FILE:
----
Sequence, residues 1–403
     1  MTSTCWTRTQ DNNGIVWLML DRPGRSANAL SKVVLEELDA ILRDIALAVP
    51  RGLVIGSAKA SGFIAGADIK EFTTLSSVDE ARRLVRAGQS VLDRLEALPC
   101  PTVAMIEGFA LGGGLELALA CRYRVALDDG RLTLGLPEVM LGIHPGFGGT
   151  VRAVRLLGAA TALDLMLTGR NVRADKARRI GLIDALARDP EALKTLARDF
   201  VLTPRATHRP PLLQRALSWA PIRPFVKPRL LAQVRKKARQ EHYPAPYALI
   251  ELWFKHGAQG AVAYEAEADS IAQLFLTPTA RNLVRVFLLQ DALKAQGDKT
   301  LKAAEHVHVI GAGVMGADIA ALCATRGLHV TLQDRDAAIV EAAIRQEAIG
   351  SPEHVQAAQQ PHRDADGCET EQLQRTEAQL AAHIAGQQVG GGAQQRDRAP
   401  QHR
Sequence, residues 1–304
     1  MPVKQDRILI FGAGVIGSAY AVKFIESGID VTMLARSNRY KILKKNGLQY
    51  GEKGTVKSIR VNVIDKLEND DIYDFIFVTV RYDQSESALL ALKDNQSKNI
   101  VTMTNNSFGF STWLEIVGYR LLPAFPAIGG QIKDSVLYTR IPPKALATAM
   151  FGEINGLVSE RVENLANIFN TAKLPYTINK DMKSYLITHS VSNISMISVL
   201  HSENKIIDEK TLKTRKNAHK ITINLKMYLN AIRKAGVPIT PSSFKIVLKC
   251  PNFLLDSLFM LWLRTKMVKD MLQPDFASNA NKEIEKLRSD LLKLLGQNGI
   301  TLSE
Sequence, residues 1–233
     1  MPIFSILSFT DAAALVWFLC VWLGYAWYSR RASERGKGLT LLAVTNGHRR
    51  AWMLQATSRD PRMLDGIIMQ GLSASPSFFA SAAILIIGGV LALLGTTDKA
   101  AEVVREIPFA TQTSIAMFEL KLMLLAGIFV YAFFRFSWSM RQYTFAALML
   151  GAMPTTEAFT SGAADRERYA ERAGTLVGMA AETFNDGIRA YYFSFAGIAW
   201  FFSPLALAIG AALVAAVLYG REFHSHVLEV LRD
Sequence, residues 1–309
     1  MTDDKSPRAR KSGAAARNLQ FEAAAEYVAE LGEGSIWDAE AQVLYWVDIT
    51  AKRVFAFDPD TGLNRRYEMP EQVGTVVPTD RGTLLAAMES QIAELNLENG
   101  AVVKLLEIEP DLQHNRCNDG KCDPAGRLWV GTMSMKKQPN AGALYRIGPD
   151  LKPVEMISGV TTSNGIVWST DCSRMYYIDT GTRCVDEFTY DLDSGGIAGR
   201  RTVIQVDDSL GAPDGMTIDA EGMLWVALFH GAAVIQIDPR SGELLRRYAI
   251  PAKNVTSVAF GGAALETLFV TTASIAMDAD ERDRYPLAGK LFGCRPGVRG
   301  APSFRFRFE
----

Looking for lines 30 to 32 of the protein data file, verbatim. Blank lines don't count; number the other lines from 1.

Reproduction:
   201  RTVIQVDDSL GAPDGMTIDA EGMLWVALFH GAAVIQIDPR SGELLRRYAI
   251  PAKNVTSVAF GGAALETLFV TTASIAMDAD ERDRYPLAGK LFGCRPGVRG
   301  APSFRFRFE